Turkish Boz Shepherd (also known as Boz Shepherd) is a breed of dog best known for its guard dog skills. These dogs keep livestock safe from predators, other farm animals, and people who should not be on the property. They are mostly used in the mountainous areas of Turkey to keep watch over sheep. These dogs are intelligent and retain what they are taught to do even when they are not supervised. Boz Shepherds are medium-sized, solidly built, long-coated dogs with long, low, and wide bodies. He has drooping ears and a curled lip. They primarily have light gold skin with black markings on the face, legs, and tail.
Turkish Boz Shepherd Pros and Cons
|Large, muscular, and strong||Tendency to bark at strangers|
|Great guard dog||Needs a lot of socialization|
|Lots of compassion & patience||May struggle with social interactions|
Boz Shepherd Basic Information
- Name: Turkish Boz Shepherd
- Origin: United Kingdom
- Group: Purebred
- Size: Large
- Height: Male: 28-35 inches; Female: 26-33 inches
- Weight: Male: 120 – 190 pounds; Female: 100 – 170 pounds
- Coat: Dense but short (possibly with a soft undercoat)
- Color: Light gold (with a black mask)
- Energy: Low – medium
- Activities: Romping in the ocean, swimming, playing hide & seek, and fetching
- Barking Level: Medium to high
- Shedding Level: Medium
- Hypoallergenic: Yes
- Litter Size: 6 puppies
- Other Names: Turkish Akbash dog, Boz Shepherd
- Breed’s Original Pastimes: Skiing, therapy dogs
- Life Span: 10 – 15 years
Turkish Boz Shepherd History
Turkish Boz Shepherds evolved naturally rather than through deliberate breeding. Although closely related to the Kangal, Anadolu, Kars, and Akbash breeds, they remain distinct from them. Unlike many other breeds, Turkish Boz Shepherds have been largely bred by natural forces rather than through breeding programs. The rugged Northern Urfa Mountains in Turkey required the Boz Shepherds to resist the weather of all types naturally. It is one of the oldest dogs in the world, dating back thousands of years. Due to their natural evolution, they tend to have fewer health issues. Turkish Boz Shepherds are known for their instinctive need to bond with their family and animals. The Boz Shepherd is a large breed that can grow up to 2 feet tall. These ancient Shepherd dogs were used by the ancient nomadic people called Bozoklar (which means Brown Arrows) from the Boz Mountains area. Boz means ‘Big Strong Fighting Man.’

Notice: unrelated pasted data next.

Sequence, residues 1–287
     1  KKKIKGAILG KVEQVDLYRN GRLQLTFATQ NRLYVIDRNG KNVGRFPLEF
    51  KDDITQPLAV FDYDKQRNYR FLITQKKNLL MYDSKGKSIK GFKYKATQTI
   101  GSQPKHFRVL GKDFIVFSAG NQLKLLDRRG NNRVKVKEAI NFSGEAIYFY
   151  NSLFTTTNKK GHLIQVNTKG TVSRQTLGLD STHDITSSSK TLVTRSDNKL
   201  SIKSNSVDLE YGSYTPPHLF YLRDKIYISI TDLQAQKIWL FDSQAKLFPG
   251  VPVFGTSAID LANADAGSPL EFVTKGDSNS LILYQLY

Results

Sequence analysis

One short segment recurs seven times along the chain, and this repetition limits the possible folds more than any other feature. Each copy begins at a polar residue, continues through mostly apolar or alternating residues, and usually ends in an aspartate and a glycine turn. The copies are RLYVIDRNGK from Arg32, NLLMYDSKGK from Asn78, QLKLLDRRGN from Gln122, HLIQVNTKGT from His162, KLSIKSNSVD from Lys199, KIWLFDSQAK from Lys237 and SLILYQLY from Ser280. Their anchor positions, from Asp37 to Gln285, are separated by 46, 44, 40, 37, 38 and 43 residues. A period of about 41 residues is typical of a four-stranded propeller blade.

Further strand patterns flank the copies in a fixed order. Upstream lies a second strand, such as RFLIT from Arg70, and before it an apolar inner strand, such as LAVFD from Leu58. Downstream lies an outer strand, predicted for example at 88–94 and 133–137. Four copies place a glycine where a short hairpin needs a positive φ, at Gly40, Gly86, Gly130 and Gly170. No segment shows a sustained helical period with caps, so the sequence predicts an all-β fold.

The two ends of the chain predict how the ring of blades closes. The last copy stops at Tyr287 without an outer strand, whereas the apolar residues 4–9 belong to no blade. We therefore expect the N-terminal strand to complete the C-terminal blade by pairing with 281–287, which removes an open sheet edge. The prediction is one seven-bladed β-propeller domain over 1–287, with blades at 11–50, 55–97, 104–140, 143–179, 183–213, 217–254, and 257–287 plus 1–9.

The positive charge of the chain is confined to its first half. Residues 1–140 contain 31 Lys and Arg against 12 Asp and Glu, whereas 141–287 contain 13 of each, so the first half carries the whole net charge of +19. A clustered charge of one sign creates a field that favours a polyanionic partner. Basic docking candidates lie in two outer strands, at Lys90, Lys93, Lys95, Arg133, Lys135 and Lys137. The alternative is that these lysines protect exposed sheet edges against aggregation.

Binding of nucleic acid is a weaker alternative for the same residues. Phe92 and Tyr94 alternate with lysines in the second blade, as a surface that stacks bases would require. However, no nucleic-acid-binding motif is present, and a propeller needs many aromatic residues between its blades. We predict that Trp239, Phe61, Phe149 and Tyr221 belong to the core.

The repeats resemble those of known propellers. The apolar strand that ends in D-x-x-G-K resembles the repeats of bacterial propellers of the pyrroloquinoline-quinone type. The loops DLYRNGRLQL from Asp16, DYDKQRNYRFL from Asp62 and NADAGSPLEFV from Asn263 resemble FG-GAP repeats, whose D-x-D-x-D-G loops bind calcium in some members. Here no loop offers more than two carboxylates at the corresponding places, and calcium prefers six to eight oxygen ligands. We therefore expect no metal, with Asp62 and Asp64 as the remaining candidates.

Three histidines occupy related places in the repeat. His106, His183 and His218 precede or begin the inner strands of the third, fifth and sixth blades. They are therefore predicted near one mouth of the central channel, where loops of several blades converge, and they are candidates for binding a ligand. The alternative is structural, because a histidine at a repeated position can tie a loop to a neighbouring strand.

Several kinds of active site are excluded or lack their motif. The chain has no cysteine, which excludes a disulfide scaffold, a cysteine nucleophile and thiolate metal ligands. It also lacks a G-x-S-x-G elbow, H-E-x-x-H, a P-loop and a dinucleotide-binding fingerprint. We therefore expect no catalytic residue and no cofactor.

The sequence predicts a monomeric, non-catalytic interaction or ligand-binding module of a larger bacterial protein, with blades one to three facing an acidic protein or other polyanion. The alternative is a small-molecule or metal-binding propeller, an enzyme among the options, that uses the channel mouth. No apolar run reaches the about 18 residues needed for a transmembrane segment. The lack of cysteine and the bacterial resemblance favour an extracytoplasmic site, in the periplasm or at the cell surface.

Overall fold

Types of the Boz Shepherd
The Turkish Boz Shepherd originated naturally rather than through deliberate breeding. Despite being closely related to the Kangal Shepherd, Anadolu Shepherd, Kars, and Akbash breeds, they remain distinct from them.
1. Kangal Shepherd
Kangal dogs are large, powerful, heavy-boned dogs whose size and proportions have developed naturally as a result of their continuous use in Turkey as guardians against predators. Their heads are broad, moderately wide, and have drop ears.
2. Akbash Shepherd
The Akbash is a rare breed of purebred dog from Turkey. They are loyal, alert, and intelligent. Their guarding instincts are strong, and they protect their families. Larger homes with yards or yards near open areas where they can run are better suited for these dogs.
3. Kars Shepherd
The Kars Shepherd is a breed of dog that originated in the city of Kars in Turkey. It is well-known for its capacity to guard livestock and property. However, the Kars Shepherds are loyal to their owners and can be hostile to strangers.
Turkish Boz Shepherd Highlights
- Turkish Boz Shepherds are highly intelligent and easy to train.
- Turkish Boz Shepherds are loyal to their owners and their families.
- They have a great sense of loyalty and protect the home and family from danger.
- They have intense alertness, so they can sense a predator after smelling or hearing them.
- They are strong and can take down predators.
Boz Shepherd Personality